Submitted to: Meeting Abstract
Publication Type: Abstract Only
Publication Acceptance Date: July 1, 2000
Publication Date: N/A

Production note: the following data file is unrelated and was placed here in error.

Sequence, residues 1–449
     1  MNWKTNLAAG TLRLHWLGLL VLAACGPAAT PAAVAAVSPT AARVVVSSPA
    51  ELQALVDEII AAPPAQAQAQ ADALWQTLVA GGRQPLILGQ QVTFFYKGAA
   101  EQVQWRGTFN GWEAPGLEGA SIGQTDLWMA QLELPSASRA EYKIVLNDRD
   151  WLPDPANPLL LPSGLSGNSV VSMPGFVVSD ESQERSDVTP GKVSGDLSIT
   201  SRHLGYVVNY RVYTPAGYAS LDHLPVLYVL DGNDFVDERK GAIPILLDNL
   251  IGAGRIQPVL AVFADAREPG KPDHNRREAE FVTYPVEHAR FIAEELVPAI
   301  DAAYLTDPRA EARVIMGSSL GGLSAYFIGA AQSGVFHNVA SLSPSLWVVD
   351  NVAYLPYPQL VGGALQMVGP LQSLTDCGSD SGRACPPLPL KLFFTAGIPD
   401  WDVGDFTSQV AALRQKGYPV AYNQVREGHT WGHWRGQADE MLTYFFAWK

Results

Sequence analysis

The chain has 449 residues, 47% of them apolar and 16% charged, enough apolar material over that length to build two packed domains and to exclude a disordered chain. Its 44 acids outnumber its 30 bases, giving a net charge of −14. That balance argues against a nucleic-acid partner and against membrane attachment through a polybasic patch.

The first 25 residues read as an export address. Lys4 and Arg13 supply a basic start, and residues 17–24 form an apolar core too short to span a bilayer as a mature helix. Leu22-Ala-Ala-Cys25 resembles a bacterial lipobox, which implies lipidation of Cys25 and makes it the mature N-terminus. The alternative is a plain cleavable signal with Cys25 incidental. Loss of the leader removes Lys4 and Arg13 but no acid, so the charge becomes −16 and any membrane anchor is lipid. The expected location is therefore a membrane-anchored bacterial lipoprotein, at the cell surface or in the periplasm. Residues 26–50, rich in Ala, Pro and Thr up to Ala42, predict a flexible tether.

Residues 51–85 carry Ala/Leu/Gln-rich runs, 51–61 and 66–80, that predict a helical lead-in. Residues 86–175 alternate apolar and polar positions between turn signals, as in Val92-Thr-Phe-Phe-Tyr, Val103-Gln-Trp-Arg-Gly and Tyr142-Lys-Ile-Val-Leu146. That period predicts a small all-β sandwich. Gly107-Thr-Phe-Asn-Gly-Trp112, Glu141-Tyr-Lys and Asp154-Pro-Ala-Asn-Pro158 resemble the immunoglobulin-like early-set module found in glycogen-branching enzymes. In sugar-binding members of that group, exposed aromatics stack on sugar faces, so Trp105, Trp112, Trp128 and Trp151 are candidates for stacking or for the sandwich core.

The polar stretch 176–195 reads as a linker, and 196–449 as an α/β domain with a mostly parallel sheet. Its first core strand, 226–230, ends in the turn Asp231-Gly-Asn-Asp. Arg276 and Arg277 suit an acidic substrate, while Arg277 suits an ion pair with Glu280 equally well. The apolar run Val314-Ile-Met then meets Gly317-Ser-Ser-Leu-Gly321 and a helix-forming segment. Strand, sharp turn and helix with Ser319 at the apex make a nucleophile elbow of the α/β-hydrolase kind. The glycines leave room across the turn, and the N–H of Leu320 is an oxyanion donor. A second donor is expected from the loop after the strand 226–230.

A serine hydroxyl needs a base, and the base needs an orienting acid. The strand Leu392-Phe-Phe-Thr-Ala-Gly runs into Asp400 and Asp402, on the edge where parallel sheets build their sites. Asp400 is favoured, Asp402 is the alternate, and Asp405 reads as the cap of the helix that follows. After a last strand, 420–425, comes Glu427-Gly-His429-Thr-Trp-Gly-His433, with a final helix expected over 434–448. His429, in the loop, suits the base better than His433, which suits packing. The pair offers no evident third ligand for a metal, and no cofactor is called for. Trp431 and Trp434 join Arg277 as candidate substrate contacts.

Although UV-B is potentially harmful radiation, it is an important component of terrestrial radiation to which plants have been exposed since the land invasion. Plants have long been evolving mechanisms to avoid and repair UV radiation damage. So, it is not surprising that photomorphogenic UV-B responses are commonly assumed to be adaptations to harmful radiation. .This presupposes that the function of the observed responses is to prevent UV damage. It has been hypothesized that, as with Blue light, UV-B provides a signal important for normal plant development, and might be perceived within developing plants through non-destructive processes, perhaps through specific signal perception mechanisms. UV signal perception can lead to photomorphogenic responses which confer adaptive advantages under conditions associated with high light environments such as water stress. Plant responses to UV radiation in this regard include altered branching, leaf area, thickness, stomatal density, and increased chlorophyll production. Such responses led to altered transpiration rates and water use efficiencies. For example, we found that the effect of ambient UV-B radiation on stomatal density and conductance can lead to altered water use efficiencies as estimated by delta 13C stable isotope discrimination. In field settings, UV might more properly be viewed as a photomorphogenic signal than as a stressor. Hence, it might be insufficient to attempt to fully evaluate the adaptive roles of plant responses to UV-B cues upon stress tolerance by the simultaneous application of UV and drought or nutrient stress during development. We propose that rather than examine a plant's response to combinations of stressors, one might also examine how a plant's response to UV induces tolerance to subsequently applied stresses.